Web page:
record = next(records)
assert record.rec_type == 'warcinfo'
# skip the warcinfo
record = next(records)
# Headers tell us what the record is about (e.g. source url)
record.rec_headers.headers
metadata = json.loads(record.content_stream().read())

The metadata JSON object has a Container key describing the corresponding WARC source, and an Envelope describing the record itself. If it's describing a response (rather than a request or metadata or something else) you can access the HTML-Metadata.

data['Envelope']\
    ['Payload-Metadata']\
    ['HTTP-Response-Metadata']\
    ['HTML-Metadata']

Here's some example content:

{'Head': {'Title': '纺织服装行业周报:终端零售回暖,板块业绩等待验证 - 相关研报 - 梦洁股份(002397)',
  'Metas': [{'name': 'mobile-agent',
    'content': 'format=html5; url=detail_m.php?id=866619'},
   {'name': 'mobile-agent',
    'content': 'format=xhtml; url=detail_m.php?id=866619'},
   {'name': 'keywords',
    'content': '纺织服装行业周报:终端零售回暖,板块业绩等待验证,相关研报,梦洁股份,002397'},
   {'name': 'description',
    'content': '梦洁股份(002397)相关研报:纺织服装行业周报:终端零售回暖,板块业绩等待验证'}],
  'Link': [{'path': 'LINK@/href',
    'url': 'http://txt.inv.org.cn/ir/site/pc/css.css',
    'rel': 'stylesheet',
    'type': 'text/css'}],
  'Scripts': [{'path': 'SCRIPT@/src',
    'url': 'http://static.bshare.cn/b/buttonLite.js#style=-1&uuid=&pophcol=2&lang=zh',
    'type': 'text/javascript'},
   {'path': 'SCRIPT@/src',
    'url': 'http://static.bshare.cn/b/bshareC0.js',
    'type': 'text/javascript'},
   {'path': 'SCRIPT@/src',
    'url': '//pagead2.googlesyndication.com/pagead/js/adsbygoogle.js'},
   {'path': 'SCRIPT@/src',
    'url': '//pagead2.googlesyndication.com/pagead/js/adsbygoogle.js'}]},
 'Links': [{'path': 'A@/href',
   'url': '/',
   'target': '_blank',
   'text': '梦洁股份(002397)'},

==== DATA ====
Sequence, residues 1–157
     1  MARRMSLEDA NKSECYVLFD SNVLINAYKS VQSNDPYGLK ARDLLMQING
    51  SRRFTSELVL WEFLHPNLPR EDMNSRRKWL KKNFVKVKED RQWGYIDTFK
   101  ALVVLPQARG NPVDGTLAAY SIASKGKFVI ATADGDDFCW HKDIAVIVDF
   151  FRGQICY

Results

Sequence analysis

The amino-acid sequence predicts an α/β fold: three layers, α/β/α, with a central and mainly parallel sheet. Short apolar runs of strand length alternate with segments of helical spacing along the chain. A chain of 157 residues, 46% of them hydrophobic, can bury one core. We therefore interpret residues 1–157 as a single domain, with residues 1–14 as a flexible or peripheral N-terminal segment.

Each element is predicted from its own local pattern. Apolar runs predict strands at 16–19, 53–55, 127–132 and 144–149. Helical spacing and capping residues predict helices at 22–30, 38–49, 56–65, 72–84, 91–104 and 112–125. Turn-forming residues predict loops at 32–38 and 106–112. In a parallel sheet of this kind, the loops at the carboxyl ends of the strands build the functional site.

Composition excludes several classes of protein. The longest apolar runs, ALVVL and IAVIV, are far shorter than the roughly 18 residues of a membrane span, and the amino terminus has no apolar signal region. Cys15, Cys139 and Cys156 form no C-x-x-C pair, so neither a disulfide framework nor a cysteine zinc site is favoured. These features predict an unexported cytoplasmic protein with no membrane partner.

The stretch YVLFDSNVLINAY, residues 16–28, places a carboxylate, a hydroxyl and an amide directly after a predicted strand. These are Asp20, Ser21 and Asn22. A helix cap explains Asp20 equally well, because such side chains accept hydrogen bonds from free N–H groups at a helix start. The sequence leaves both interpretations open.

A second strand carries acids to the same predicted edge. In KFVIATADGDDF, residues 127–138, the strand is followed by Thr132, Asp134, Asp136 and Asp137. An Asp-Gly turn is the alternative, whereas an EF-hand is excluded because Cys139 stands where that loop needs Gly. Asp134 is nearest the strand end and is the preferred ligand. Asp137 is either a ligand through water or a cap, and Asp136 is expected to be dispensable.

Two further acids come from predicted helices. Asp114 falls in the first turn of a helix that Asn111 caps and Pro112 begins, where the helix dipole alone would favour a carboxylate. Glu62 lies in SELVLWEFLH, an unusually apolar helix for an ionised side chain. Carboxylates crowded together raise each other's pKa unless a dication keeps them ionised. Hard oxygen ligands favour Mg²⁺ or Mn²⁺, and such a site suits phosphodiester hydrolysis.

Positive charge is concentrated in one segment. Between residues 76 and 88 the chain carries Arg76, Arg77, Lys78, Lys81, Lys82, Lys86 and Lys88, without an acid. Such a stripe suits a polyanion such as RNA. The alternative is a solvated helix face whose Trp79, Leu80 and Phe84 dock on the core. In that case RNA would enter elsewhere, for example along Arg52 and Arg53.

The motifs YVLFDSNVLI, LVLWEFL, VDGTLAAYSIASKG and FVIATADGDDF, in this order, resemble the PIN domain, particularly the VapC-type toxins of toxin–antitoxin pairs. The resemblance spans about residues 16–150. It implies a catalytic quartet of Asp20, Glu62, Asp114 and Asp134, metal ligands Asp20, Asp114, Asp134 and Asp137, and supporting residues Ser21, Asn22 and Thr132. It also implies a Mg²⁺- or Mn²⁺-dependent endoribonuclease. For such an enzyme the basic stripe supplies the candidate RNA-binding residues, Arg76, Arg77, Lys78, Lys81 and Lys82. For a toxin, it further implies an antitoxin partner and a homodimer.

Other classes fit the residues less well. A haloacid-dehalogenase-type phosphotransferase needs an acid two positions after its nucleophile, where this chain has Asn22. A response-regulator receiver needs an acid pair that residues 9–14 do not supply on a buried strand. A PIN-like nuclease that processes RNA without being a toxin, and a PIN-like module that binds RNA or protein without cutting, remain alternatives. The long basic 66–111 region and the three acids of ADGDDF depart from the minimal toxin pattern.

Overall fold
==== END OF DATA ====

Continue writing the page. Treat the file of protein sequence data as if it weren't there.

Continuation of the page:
{'path': 'A@/href',
   'url': '/index_m.php',
   'target': '_blank',
   'text': '移动版'},
  {'path': 'IMG@/src', 'url': 'http://img.inv.org.cn/broker/huasheng_pc.jpg'},
  {'path': 'A@/href',
   'url': 'https://hd.hstong.com/marketing/2019/0228?_scnl=OTg0NWJibzY0MTI3',
   'target': '_blank'},
  {'path': 'A@/href', 'url': '/', 'text': '首页'},
  {'path': 'A@/href', 'url': '/quote/', 'text': '股票行情'},
  {'path': 'A@/href', 'url': '/media_news/', 'text': '媒体报道'},
  {'path': 'A@/href', 'url': '/related_news/', 'text': '相关新闻'},
  {'path': 'A@/href', 'url': '/notice/', 'text': '公司公告'},
  {'path': 'A@/href', 'url': '/report/', 'text': '研究报告'},
  {'path': 'A@/href', 'url': '/related_report/', 'text': '相关研报'},
  {'path': 'A@/href', 'url': '/', 'target': '_blank', 'text': '梦洁股份'},
  {'path': 'A@/href', 'url': '/', 'target': '_blank', 'text': '002397'},
  {'path': 'A@/href',
   'url': 'http://www.bShare.cn/',
   'title': '分享到',
   'text': '分享到'},
  {'path': 'IMG@/src', 'url': 'http://img.inv.org.cn/ad/zixun_pc.jpg'},
  {'path': 'A@/href',
   'url': 'http://stock.inv.org.cn',
   'target': '_blank',
   'text': '股票投资之家'}]}

Data - WARC

The WARC files are the ultimate data source. You really only need to use them if you need to efficiently access the data via an index or you need the actual HTML content. Sometimes the HTML content is necessary because you want to know about javascript used in the body/foot of the page, or you want the structured content of the page (not just the text).

The WARC files start with a warcinfo record describing the file. This is followed by sequences of records for each event, e.g. accessing a URL. A typical pattern is a request record describing how the content was requested, a response record describing what was received from the server including HTTP headers and, and some metadata such as detected languages, character sets and the time to fetch the page.

I'm not sure whether there are resource or revisit records in the WARC (or continuation records that sound painful).